Reading History: The Thirty Years' War

Geoffrey Parker examines the historiography of the Thirty Years' War.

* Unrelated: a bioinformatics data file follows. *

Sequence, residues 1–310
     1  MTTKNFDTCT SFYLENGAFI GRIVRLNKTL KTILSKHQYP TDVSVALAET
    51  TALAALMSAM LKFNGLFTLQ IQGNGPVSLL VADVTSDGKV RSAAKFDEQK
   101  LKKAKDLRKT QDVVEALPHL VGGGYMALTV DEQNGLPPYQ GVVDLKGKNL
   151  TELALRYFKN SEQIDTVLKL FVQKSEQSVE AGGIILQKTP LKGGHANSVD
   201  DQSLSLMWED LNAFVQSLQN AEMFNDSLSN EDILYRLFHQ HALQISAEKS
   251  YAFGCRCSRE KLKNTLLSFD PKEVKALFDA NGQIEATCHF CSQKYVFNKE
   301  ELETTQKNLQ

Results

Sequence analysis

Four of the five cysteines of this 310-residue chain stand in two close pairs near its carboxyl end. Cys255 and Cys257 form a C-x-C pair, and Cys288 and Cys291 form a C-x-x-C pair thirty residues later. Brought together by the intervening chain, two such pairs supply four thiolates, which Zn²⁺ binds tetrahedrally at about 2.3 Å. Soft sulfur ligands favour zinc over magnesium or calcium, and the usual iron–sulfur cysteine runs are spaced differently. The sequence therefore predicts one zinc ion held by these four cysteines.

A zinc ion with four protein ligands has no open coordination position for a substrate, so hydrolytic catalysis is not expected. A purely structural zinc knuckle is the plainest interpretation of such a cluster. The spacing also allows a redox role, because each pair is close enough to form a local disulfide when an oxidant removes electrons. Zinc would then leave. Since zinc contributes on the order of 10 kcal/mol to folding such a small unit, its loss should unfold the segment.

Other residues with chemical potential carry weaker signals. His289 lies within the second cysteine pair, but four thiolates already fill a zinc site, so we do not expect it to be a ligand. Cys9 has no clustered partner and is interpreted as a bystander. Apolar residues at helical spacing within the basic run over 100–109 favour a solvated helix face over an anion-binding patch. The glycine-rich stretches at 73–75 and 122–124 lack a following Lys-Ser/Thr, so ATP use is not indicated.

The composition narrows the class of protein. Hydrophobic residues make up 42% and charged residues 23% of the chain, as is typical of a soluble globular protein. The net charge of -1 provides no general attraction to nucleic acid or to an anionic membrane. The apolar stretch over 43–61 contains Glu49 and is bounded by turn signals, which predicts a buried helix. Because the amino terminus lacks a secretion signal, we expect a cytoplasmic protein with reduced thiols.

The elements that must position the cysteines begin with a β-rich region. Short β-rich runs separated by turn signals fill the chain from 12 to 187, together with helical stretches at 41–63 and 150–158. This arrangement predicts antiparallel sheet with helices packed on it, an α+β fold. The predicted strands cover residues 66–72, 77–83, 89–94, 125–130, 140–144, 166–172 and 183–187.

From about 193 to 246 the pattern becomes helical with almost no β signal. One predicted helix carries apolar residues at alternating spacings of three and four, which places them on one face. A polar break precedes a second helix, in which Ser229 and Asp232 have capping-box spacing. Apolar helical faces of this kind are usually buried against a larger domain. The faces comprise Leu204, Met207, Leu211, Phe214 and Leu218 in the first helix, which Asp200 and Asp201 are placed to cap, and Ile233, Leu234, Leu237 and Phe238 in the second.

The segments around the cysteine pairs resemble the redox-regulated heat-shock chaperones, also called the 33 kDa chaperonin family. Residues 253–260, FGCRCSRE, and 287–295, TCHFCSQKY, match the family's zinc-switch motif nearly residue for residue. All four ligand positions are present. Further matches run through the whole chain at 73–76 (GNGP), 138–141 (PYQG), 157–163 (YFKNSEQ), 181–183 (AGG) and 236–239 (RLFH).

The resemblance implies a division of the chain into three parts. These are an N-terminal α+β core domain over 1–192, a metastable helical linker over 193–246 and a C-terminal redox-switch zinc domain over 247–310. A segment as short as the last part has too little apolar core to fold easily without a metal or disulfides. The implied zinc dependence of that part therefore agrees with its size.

It is often claimed that Samuel Pufendorf, the eminent seventeenth-century jurist and historian, first coined the phrase 'The Thirty Years' War' to describe the series of conflicts which ravaged Europe between 1618 and 1648. That phrase certainly appears in his book, On the State of the German Empire , first published in 1667; but by then it was hardly new. Already in 1649 the English weekly newspaper, The Modern Intelligencer , began to publish a series of articles entitled 'An epitome of the late Thirty Years' War in Germany'. Issue 203, dated February 8th, 1649, gave an 'epitome' of the 'Bohemian war', 1618-23; issue 204, dated February 15th, followed with the Dutch phase of the war; issue 205 covered the 'Danish phase' and so on. Within three months of the signature of the Peace of Westphalia, which brought the war to an end in October 1648, English readers were provided with a framework for interpreting the war which was recognizably modern.

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